Integral of $\sin(x)\cos(x)$

by Jakub Marian

Tip: See my list of the Most Common Mistakes in English. It will teach you how to avoid mis­takes with com­mas, pre­pos­i­tions, ir­reg­u­lar verbs, and much more.

The function $\sin(x)\cos(x)$ is one of the easiest functions to integrate. All you need to do is to use a simple substitution $u = \sin(x)$, i.e. $\frac{du}{dx} = \cos(x)$, or $dx = du/\cos(x)$, which leads to

$$ ∫ \sin(x)\cos(x)\,dx = \l.∫ u\,du\r|_{u = \sin(x)} = \frac{u^2}2 + C = \frac12 \sin^2(x)+C\,. $$

Another way to integrate the function is to use the formula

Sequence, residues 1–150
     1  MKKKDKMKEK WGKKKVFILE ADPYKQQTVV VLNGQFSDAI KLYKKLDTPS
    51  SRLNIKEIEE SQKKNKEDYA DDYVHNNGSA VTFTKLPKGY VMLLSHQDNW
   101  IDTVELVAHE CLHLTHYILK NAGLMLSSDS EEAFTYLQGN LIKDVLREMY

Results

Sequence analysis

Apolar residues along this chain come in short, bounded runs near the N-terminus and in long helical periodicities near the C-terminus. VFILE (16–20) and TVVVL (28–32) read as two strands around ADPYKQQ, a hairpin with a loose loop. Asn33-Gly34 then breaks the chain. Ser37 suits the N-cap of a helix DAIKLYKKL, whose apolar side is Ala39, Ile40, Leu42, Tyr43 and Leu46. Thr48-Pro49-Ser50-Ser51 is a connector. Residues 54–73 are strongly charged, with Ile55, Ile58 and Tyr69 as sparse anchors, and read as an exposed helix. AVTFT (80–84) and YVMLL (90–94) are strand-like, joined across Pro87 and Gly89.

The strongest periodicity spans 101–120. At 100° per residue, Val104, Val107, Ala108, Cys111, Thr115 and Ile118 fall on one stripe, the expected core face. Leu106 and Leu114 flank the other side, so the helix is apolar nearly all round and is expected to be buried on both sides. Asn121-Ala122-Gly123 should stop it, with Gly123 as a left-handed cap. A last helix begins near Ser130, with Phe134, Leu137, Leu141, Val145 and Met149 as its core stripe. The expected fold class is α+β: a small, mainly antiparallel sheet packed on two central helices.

$$ \sin(2x) = 2\sin(x)\cos(x) \quad ⇒ \quad \sin(x)\cos(x) = \frac12 \sin(2x)\, $$


$$ ∫ \sin(x)\cos(x)\,dx = \frac12 ∫ \sin(2x)\,dx = -\frac14 \cos(2x)+C $$

It is worth mentioning that the $C$ in the equality above is not the same $C$ as in our original expression. In fact, it is possible to calculate that $\frac12 \sin^2(x) - (-\frac14 \cos(2x)) = 1/4$, so the two solutions lead to the same result, just shifted by a constant.

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